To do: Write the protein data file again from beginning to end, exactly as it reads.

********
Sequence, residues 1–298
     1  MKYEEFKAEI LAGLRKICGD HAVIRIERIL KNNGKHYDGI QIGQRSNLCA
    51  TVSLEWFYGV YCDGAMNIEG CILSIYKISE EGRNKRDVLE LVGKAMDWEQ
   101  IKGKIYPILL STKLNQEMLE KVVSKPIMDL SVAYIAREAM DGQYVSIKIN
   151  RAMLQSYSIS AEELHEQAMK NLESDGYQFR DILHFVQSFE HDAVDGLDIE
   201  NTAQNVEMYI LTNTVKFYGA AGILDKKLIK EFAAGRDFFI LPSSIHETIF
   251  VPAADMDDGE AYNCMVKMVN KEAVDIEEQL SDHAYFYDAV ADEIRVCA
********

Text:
Sequence, residues 1–298
     1  MKYEEFKAEI LAGLRKICGD HAVIRIERIL KNNGKHYDGI QIGQRSNLCA
    51  TVSLEWFYGV YCDGAMNIEG CILSIYKISE EGRNKRDVLE LVGKAMDWEQ
   101  IKGKIYPILL STKLNQEMLE KVVSKPIMDL SVAYIAREAM DGQYVSIKIN
   151  RAMLQSYSIS AEELHEQAMK NLESDGYQFR DILHFVQSFE HDAVDGLDIE
   201  NTAQNVEMYI LTNTVKFYGA AGILDKKLIK EFAAGRDFFI LPSSIHETIF
   251  VPAADMDDGE AYNCMVKMVN KEAVDIEEQL SDHAYFYDAV ADEIRVCA